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nmsync works with mbsync and notmuch on Unix systems and is programmable in scheme. It’s sort of an alternative to afew except that it also calls mbsync for you and you don’t have to Python.

So this depends on having a working mbsync setup, and Chicken Scheme. I’m not gonna try to make an egg for it because it kinda makes no sense if you don’t compile your own version—the idea is to be able to write more complex tagging and untagging scripts.

I used to have an offlineimap setup that called a tagging shellscript as a hook; as far as I know mbsync doesn’t have hooks in the same way. And nmsync is the solution to that: calling the fetcher from the tagger instead of the other way around.

It checks to see if there’s already an instance of mbsync or nmsync running and if there is, it just quits immediately. Not the most sofisticated mutex in the world but it’s nice to be able to have nmsync being called from cron while still being able to call it manually when you want to specificially get an email someone just told you they sent you without having to worry about them colliding.

(Maybe in a future version there could be inotify on the server instead of polling every X minutes.)

Most of the tagging is done by notmuch’s built in tagfile handling, so for example you might have an ~/.nmsync.tags file that looks like this:

# immediately archive all messages from "me"
-new -- tag:new and

#paper trail
-new +paper and subject:"/^Example XYZ - Invoice/" and tag:new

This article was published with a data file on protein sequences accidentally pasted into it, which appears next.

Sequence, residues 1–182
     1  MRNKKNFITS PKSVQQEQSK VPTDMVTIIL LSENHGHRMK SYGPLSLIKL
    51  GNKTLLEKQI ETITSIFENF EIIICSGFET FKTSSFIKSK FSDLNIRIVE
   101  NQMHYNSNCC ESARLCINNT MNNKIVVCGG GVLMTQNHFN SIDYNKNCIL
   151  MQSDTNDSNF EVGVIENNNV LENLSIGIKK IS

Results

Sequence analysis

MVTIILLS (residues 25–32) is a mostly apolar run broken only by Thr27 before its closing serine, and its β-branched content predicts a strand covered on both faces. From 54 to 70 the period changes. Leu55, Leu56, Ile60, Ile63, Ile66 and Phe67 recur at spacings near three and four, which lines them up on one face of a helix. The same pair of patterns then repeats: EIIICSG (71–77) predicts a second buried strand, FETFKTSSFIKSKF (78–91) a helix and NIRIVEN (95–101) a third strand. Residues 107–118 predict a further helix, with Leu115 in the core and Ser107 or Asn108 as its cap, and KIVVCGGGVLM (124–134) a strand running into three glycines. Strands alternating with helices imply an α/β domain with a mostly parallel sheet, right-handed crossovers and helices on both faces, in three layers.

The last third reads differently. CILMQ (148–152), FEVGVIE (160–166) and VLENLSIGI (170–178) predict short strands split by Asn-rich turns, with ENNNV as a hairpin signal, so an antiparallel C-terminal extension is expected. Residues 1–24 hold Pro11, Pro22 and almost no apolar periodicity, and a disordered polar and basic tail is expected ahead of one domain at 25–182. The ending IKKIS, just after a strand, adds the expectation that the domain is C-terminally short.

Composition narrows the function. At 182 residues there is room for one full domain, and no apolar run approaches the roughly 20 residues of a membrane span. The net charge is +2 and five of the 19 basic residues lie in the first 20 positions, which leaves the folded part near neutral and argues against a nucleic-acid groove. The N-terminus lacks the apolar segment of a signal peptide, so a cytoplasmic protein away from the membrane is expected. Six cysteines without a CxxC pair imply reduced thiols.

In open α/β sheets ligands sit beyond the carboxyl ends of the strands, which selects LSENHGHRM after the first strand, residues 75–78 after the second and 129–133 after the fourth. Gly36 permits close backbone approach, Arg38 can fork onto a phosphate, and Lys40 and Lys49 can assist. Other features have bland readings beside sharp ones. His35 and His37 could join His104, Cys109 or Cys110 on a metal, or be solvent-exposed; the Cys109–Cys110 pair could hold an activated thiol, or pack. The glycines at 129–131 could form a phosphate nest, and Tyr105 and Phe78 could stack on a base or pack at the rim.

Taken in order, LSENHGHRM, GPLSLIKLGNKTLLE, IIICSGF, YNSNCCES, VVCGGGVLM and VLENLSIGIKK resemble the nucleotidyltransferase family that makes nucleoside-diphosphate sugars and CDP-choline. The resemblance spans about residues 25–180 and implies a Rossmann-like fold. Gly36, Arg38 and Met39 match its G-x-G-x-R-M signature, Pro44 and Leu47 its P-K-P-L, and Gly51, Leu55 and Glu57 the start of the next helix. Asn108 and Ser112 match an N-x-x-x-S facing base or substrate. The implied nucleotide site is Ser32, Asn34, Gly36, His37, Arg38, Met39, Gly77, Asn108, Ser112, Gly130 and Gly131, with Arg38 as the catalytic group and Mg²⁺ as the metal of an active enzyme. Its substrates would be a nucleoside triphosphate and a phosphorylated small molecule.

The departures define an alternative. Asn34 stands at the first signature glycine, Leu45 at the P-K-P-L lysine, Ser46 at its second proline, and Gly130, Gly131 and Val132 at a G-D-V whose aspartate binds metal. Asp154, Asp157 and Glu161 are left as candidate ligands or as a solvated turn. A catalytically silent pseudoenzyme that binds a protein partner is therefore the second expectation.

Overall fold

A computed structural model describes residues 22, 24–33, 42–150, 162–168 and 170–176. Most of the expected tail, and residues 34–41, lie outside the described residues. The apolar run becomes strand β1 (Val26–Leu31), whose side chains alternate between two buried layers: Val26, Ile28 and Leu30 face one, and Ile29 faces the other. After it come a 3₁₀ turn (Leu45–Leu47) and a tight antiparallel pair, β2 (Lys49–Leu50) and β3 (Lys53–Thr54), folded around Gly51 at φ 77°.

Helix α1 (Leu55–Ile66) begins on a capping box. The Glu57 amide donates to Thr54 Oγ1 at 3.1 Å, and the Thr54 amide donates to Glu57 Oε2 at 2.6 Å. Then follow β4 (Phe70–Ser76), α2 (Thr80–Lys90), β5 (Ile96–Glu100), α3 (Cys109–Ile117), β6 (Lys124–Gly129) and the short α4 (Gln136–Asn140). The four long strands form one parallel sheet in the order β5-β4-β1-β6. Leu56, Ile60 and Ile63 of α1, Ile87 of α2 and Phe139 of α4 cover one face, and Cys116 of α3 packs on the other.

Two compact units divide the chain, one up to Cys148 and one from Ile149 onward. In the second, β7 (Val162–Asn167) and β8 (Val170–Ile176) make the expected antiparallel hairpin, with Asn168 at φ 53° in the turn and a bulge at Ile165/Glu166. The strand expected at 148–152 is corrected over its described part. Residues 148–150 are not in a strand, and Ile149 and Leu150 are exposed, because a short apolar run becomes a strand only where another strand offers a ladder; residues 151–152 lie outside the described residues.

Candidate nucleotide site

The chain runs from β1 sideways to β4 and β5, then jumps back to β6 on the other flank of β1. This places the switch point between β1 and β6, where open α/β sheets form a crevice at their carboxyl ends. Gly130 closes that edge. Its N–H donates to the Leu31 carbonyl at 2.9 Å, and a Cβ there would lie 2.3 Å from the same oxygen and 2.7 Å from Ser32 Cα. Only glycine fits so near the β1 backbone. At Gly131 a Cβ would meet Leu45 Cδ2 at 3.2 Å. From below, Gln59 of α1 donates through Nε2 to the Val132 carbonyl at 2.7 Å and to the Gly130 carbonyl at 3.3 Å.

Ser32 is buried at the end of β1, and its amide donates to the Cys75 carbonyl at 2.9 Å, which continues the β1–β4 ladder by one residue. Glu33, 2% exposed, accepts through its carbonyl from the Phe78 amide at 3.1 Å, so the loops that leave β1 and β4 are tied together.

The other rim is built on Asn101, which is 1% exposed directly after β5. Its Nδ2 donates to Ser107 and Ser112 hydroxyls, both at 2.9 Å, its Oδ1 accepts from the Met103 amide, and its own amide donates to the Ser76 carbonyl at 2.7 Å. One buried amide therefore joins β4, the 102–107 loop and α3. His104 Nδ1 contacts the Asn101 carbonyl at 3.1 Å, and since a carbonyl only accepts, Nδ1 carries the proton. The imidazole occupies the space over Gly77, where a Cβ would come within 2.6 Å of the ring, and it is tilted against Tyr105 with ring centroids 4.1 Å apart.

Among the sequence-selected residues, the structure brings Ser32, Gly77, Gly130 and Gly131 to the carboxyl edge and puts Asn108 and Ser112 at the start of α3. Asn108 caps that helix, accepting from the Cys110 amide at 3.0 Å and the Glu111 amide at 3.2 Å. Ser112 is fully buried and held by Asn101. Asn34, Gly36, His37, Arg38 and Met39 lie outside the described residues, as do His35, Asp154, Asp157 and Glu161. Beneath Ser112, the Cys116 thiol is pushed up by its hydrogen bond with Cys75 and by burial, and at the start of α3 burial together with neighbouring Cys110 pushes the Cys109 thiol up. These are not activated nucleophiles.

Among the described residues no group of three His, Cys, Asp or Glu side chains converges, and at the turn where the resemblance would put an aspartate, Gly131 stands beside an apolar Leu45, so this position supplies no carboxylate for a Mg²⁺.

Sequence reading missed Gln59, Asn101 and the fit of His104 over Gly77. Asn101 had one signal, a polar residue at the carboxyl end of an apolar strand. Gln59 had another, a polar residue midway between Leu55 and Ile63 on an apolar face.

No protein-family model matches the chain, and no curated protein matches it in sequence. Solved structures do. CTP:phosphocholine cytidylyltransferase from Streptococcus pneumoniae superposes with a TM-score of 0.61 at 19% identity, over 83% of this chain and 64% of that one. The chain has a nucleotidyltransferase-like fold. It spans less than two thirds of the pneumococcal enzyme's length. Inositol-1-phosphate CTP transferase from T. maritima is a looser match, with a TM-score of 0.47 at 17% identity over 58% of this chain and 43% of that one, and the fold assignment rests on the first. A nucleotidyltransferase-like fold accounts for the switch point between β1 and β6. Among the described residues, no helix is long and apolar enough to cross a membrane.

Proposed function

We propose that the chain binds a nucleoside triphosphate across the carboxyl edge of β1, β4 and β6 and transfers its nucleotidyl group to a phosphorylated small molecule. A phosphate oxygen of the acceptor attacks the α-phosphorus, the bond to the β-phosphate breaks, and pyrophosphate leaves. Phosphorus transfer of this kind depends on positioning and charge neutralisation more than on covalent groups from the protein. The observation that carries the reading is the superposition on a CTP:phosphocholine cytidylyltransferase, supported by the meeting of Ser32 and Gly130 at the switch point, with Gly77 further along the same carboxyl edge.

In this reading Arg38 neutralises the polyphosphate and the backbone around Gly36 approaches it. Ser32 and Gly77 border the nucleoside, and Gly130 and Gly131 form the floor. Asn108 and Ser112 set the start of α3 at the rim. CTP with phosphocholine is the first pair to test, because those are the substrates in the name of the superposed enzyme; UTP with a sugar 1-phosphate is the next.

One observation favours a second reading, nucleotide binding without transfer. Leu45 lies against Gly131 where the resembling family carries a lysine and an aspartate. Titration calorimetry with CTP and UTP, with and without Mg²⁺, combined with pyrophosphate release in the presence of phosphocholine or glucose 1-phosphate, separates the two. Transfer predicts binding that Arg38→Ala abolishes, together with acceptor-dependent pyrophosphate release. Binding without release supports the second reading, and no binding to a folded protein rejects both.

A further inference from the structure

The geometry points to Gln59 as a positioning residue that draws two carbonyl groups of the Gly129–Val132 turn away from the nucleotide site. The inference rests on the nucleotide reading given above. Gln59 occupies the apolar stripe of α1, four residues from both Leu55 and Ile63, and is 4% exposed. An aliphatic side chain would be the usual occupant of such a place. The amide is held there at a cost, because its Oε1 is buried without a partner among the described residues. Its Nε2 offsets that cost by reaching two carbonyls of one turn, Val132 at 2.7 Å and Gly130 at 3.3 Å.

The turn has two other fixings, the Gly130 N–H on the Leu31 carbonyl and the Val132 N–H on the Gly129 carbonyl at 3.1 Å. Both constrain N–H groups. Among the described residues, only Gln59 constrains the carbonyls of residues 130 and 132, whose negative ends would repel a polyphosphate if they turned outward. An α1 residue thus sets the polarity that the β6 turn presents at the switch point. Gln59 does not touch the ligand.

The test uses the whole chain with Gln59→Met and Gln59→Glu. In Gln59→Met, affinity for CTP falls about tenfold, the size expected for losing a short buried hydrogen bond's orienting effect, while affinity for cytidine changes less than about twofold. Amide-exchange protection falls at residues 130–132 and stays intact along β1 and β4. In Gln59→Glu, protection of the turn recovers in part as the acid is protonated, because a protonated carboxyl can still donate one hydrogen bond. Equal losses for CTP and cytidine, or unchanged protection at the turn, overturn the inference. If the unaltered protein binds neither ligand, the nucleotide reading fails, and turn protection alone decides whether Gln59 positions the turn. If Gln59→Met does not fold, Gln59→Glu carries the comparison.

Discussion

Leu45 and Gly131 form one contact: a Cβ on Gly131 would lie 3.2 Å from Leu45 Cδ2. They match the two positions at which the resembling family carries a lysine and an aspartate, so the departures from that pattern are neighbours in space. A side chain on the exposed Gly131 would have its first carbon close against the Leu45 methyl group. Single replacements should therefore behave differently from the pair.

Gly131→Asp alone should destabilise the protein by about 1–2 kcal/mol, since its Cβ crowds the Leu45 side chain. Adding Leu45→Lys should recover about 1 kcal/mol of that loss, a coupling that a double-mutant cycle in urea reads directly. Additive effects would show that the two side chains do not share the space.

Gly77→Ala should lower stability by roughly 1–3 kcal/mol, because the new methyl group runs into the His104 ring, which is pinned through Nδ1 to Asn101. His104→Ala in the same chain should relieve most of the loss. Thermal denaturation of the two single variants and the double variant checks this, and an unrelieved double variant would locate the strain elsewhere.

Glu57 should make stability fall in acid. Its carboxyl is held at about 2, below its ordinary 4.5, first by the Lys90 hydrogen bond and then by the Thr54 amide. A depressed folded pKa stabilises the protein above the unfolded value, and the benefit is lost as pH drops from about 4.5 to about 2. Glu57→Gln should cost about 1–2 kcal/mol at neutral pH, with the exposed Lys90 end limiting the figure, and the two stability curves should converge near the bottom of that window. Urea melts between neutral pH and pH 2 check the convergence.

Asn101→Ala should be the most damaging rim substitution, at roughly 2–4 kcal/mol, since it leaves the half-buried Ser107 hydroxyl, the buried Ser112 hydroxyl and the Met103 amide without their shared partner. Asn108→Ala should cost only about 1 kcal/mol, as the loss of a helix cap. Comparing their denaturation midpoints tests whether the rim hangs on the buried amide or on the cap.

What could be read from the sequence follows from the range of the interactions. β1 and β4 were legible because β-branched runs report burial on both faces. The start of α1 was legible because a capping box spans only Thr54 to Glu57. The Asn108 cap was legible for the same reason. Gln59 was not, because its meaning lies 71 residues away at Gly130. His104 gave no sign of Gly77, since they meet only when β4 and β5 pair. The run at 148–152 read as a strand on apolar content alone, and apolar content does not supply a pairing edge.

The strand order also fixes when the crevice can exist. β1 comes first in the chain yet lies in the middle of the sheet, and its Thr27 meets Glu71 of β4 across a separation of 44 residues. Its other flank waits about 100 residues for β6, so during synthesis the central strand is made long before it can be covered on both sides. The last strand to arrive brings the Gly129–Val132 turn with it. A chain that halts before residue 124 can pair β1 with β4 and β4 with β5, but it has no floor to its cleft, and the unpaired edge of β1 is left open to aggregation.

-new +paper and subject:"/^ - Payment Receipt/" and tag:new

-new +feed -- and tag:new

-new +spam -- Xspam:yes and tag:new

# inbox
+inbox +unread +personal -new -- tag:new

That’s just an example, mine is like 95 lines by now.

Notmuch’s internal tagging system can read the tags and combine the multiple operations to run them efficiently, and it can already handle regexes (as seen in the “paper trail” examples above).

So If I can solve an issue by this kind of “vanilla tagging”, I do. Most of my .nmsync.tags is putting things in the feed or in the paper trail (terminology inspired by the proprietary Rails email app “Hey!”, except here I can also sort by subject, body etc.)

I’m not one to overly sort thing by sender or date, since notmuch already is so good at searching senders, date ranges and such. I have a lot of saved searches in emacs, like “search for $terms among email from last seven days” or “show me all threads I’m involved in since midnight” or “show me all email from the last 48 hours” etc.

By the way, in order to search custom headers like Xspam in my example, run

notmuch config set index.header.Xspam X-Spam

from a shell. That’s just an example, you might have some other cockamamie headers.

In addition to the “vanilla tagging”, nmsync can also do more conditional tagging and untagging via the Scheme code.

An example of complex tagging and untagging

Let’s say I’m using the tagfile to remove +personal and +inbox from invoices and receipts from but I still want to get notified if something there isn’t a normal receipt from them.

(let ((latest-invoice (timestamp
			   (nm search --limit=1
			   and "subject:/^Example XYZ - Invoice/"))))
  (when ; When the invoice is newer than the receipt...
	  (and (> latest-invoice (timestamp
				  (nm search --limit=1
				  and "subject:/^ - Payment Receipt/")))
		   ; and older than 259200 seconds (four days)
	   (> (- (current-seconds) latest-invoice) 259200))
	; then show all mail from them from the last ten days
	(run (notmuch tag +personal +inbox -new -- and date:-10_days..))))

The “nm” macro gives you sexps that you can parse; “timestamp” is one example of doing that:

(define (timestamp e)
  (second (find-tail (cut equal? ':timestamp <>) (car e))))

Play around with the sexp tree in the REPL with your typical pretty-printing and SRFI-1 stuff to see its structure.

Do not mess this up. Be careful. As with all free software, there’s no warranty if you miss invoices etc.

For source code, git clone